This year’s Ramadan most violent on record, almost 3,000 religiously motivated deaths

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Ramadan, Islam’s holy month, regularly sees a significant increase in religiously-motivated killing, but this year’s was the most deadly of the century, according to The Religion of Peace, a terrorism watch group that keeps records of killings in the name of Islam.

“This year’s Ramadan was the highest since I’ve been keeping track,” Glen Roberts, editor of TROP, told The Speaker. “Normally, Islam’s holiest month sees about 30 percent more terror deaths over a typical month.”

Read more: Islamic terrorists have committed 25,000 separate violent acts worldwide that resulted in hundreds of thousands of deaths in last 15 years

“Nearly 3,000 people were shot, beheaded, blown up, drowned, burned or hacked to death in the name of Islam,” stated Roberts in the summary on TROP’s webpage, noting that no deaths in the name of other religions took place during that time.

According to TROP’s daily records, over 26,000 attacks have been carried out in the name of Islam since the 9-11 attack on the World Trade Center in New York — which is when TROP began it’s documentation. Five such attacks which result in at least one death take place every day around the world, on average.

For the period roughly corresponding with Ramadan, which lasts 29-30 days based on visual sightings of the crescent moon, 314 terror attacks took place globally, including 63 suicide bombings, which resulted in 2,988 deaths and 3,696 wounded.

Killings during the first few days of Ramadan
Killings during the first few days of Ramadan(TROP resource)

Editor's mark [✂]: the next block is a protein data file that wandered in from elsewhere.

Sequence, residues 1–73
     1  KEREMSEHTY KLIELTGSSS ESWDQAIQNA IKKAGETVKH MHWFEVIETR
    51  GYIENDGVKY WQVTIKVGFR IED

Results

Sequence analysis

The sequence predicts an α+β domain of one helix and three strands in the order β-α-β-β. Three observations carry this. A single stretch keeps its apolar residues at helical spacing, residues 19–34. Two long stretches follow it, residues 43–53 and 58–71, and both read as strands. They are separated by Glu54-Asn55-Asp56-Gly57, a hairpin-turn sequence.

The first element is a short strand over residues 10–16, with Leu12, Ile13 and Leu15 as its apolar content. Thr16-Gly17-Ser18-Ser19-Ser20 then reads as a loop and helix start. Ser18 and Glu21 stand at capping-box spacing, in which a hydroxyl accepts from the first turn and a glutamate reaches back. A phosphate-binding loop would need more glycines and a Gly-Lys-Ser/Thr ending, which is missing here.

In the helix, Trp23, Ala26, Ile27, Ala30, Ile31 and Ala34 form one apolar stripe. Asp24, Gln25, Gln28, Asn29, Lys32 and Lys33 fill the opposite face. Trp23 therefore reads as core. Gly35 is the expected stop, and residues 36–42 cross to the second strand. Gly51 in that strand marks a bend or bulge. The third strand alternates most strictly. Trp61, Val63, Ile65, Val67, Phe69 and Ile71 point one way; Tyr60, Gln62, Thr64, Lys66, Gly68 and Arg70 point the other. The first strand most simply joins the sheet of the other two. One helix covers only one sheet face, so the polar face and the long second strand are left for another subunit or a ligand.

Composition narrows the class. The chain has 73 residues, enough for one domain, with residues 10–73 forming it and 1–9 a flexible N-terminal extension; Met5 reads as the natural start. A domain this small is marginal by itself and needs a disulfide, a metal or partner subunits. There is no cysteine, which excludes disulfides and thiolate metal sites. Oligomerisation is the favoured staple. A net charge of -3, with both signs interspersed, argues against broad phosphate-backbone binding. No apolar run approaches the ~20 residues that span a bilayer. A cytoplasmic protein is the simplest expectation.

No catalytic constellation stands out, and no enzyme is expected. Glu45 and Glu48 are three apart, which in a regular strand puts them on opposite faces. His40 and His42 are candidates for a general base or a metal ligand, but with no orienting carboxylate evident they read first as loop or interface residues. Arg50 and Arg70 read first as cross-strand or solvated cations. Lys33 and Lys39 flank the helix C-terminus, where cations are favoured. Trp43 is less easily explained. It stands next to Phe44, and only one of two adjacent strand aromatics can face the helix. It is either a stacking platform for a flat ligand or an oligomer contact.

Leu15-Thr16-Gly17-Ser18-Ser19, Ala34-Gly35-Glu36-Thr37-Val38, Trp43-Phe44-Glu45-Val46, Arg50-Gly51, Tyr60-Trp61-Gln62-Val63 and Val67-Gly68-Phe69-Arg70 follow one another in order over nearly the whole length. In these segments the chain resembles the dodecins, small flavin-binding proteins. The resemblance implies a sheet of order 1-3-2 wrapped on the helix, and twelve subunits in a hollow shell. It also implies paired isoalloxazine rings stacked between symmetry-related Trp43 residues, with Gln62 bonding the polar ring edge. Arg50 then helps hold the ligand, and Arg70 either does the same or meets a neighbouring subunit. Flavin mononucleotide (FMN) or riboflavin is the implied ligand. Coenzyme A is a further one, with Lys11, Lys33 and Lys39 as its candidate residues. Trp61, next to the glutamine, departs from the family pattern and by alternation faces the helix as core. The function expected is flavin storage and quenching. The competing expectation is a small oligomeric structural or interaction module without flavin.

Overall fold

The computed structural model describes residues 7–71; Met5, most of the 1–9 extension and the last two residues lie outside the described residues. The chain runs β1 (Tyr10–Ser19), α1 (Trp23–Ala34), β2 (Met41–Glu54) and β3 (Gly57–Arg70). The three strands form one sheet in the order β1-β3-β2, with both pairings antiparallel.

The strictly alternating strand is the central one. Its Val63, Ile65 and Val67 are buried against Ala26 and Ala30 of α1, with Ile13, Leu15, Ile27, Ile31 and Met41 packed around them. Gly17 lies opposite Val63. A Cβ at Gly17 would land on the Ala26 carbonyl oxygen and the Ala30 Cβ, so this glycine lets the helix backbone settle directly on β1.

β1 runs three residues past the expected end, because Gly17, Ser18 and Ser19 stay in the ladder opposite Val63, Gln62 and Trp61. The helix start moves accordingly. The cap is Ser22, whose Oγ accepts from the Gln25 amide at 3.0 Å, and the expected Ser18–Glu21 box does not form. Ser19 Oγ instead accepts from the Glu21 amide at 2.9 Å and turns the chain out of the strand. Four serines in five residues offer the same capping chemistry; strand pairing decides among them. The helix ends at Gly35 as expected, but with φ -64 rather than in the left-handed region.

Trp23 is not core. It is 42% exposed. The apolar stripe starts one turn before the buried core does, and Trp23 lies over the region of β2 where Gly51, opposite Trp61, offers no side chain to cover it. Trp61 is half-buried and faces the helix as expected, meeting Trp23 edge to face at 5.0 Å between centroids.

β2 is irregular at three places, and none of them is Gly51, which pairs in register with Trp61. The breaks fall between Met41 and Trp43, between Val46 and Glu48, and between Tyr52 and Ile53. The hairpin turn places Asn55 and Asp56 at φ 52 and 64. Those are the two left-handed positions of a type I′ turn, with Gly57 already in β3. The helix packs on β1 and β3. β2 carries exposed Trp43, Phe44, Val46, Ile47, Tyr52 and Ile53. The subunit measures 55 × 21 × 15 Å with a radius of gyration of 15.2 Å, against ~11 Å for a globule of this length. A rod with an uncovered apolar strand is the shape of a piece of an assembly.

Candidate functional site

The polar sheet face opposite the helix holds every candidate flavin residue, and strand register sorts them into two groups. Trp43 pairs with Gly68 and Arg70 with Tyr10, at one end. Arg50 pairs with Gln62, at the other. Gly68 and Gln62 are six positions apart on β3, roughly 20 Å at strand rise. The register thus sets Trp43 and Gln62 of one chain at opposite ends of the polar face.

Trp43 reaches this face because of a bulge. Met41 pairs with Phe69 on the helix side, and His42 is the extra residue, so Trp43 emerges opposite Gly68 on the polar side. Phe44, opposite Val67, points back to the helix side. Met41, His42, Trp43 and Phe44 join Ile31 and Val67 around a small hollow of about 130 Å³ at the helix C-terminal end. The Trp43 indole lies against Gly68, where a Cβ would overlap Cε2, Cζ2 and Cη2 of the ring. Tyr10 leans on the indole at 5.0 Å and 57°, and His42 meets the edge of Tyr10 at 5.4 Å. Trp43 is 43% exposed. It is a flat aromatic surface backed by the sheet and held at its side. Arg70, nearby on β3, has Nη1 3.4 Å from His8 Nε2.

However, as Roberts pointed out, the actual numbers are higher than reported because TROP relies on news reports for figures. There is not a news report for every attack, Roberts told us, and the reports are not followed up by deaths that occur days or longer after the initial incident.

The figures include all killings motivated by a sentiment of religious duty, and so include killings by the Islamic State. “Any killing that I come across by the Islamic State is included in the count. I’m sure that there’s quite a bit that I miss,” commented Roberts.

The 314 attacks that resulted in death between June 18 and July 16 took place in Iraq, Niger, Somalia, Lebanon, Nigeria, Afghanistan, Pakistan, Libya, Yemen, the Democratic Republic of the Congo, Uganda, Egypt, Mali, Chad, Israel, Kuwait, Saudi Arabia, Tunisia, Kenya, India, Phillipines, Thailand, China, France, and Austria.

Possible new law of nature on the way

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The world of physics is excited about strong but early evidence about the behavior of muons, paricles identical to electrons only 200x more massive (heavier), which once born take 2.2 microseconds to decay into an electron, and which spin like tops. In a new, extremely precise measurement, they were made to wobble using magnetic fields but they unexpectedly wobbled quite significantly faster than the Standard Model suggests they would. They might spin so fast due to an unknown force caused by an unknown particle, and this is what is so exciting.

“We found that a muon … is not in agreement with our current best theory of physics at the subatomic level, and … it potentially points to a future with new laws, new particles and new forces in physics which we haven’t seen to date,” said Professor Mark Lancaster at U of Manchester.